Florida Girl, 6, Removed From School And Forced Into Mental Health Facility Without Consent From Mother

A 6-year-old girl was removed from her school last week and forced into a mental health facility for an involuntary psychiatric evaluation, according to WQAD 8.

#NadiaKing of Jacksonville, Florida was held under Florida’s Baker Act following an incident at the child’s school, according to a report from the Jacksonville Sheriff’s Office. Florida’s Baker Act, is a law that enables families and loved ones to provide emergency mental health services and temporary detention for people who are impaired because of their mental illness, and who are unable to determine their needs for treatment per the university of Florida Health website.

Police were called to the Love Grove Elementary School last week after staff claimed the child was “out of control” and “destroying school property, attacking staff, out of control, and running out of school,” the report said. A clinical social worker at the school told officers that Nadia was “a threat to herself and others” and she was taken to the River Point Behavioral Health for a 48-hour psychiatric evaluation under Florida’s Baker Act, the report states.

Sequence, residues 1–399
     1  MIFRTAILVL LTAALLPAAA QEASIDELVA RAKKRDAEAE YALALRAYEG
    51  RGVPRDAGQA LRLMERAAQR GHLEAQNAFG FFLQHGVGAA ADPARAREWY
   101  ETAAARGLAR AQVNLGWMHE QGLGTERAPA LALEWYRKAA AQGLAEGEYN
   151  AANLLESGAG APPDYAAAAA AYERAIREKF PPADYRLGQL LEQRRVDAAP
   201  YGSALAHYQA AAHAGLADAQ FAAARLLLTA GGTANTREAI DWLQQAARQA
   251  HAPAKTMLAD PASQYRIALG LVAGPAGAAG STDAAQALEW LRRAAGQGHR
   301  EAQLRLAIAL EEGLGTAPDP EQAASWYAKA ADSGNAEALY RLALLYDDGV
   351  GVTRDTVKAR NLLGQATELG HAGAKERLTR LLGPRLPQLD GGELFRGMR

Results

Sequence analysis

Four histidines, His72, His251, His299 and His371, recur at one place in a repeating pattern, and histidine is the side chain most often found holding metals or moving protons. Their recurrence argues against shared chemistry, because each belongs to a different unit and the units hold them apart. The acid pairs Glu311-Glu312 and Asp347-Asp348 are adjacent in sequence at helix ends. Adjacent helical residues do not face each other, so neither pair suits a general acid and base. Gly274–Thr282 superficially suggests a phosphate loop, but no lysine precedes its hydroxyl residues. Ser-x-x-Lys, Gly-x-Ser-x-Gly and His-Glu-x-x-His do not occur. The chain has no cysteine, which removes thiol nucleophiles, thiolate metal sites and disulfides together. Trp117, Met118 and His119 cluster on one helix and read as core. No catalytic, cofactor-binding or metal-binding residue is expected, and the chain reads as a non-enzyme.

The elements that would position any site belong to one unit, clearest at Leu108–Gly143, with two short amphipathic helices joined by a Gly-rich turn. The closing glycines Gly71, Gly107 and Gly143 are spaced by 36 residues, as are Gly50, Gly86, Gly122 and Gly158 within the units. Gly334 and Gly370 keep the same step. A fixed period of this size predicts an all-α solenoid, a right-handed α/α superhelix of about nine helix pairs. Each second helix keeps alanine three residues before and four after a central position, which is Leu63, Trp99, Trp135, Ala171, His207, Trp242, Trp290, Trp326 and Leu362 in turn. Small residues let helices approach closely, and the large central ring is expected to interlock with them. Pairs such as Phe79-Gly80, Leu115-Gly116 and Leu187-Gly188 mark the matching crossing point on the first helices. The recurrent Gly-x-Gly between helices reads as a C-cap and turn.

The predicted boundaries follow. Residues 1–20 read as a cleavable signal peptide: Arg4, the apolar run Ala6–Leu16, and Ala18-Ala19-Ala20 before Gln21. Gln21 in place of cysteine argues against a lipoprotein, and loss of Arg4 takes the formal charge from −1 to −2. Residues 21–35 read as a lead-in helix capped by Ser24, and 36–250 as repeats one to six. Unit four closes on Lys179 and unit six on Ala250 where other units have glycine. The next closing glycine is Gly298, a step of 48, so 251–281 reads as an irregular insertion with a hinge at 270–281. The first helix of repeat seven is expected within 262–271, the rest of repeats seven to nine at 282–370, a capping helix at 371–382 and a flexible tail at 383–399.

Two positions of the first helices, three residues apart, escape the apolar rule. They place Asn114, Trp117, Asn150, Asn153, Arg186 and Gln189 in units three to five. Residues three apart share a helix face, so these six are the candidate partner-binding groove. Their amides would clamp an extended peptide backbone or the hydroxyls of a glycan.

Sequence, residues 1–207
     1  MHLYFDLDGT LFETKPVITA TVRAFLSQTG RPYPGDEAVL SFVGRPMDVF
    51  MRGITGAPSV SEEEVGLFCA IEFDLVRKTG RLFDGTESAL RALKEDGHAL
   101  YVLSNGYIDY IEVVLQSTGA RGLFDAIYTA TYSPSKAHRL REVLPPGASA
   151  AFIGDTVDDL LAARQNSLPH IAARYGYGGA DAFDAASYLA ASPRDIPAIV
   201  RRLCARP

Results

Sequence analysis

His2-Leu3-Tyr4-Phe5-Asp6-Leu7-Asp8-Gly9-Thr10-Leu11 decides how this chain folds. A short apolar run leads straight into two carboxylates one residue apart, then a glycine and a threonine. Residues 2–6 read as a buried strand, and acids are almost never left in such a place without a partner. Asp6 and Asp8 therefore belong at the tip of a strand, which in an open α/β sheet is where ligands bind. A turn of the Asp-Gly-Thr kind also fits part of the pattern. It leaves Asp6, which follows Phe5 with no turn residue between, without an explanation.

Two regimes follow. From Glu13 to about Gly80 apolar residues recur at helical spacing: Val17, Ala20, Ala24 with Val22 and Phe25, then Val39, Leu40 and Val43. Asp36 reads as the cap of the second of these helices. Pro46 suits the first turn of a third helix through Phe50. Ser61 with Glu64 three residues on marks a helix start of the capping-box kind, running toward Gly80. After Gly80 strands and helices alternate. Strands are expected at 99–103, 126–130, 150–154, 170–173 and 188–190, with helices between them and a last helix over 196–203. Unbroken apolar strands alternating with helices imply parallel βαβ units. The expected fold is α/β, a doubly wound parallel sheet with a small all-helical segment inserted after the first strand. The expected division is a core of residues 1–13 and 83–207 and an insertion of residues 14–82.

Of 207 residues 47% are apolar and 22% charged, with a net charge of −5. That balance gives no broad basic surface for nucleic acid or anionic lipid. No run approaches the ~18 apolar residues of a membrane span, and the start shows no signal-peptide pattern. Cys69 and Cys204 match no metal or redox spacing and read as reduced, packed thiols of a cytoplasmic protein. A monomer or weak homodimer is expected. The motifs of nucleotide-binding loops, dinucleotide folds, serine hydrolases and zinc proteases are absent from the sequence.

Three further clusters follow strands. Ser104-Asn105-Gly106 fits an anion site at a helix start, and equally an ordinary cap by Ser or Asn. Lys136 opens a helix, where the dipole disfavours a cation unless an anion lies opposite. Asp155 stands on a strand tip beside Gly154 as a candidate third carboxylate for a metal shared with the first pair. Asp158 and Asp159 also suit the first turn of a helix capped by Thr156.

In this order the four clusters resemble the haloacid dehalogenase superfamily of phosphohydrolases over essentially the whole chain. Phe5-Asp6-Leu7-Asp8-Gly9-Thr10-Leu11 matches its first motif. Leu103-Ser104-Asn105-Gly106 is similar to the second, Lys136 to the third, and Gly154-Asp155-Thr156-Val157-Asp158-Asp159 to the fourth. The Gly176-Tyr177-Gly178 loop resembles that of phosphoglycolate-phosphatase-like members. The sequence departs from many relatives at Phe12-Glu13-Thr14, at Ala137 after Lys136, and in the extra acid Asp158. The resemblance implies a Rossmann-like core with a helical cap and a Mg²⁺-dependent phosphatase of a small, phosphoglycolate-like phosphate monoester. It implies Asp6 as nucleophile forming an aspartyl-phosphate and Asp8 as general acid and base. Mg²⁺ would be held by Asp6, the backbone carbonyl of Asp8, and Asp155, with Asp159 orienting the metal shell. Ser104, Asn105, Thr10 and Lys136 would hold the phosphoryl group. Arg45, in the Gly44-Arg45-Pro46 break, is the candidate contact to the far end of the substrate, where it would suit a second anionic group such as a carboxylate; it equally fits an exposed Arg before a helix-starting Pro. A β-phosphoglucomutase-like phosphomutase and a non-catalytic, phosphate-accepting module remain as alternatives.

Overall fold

Nadia’s mother, #ReganelReeves, was contacted after the decision was made and her child was already being taken to facility, Reeves’ attorney said. CNN reports that between July 2017 and June 2018, there were 36,078 involuntary examinations initiated under the Baker Act for individuals under the age of 18 in Florida, according to a report from the state’s Department of Children and Families.

Reeves said Nadia is a special needs child who had a “temper tantrum at school.” The family’s attorney said Nadia has been diagnosed with attention deficit hyperactivity disorder, known as ADHD, a mood disorder and is being tested for autism. In a statement, Duval County Public Schools said the school staff followed the district’s protocol during the incident and when they notified the child’s parents, CNN reports.

The school district said a licensed mental health care official made the decision to admit Nadia under the Baker Act. The mental health official was an employee at a private, non-profit community behavioral health care organization, the school district said.”When a student’s behavior presents a risk of self-harm or harm to others, the school district’s procedure is to call Child Guidance, our crisis response provider,” the school district said.

The story is still developing.

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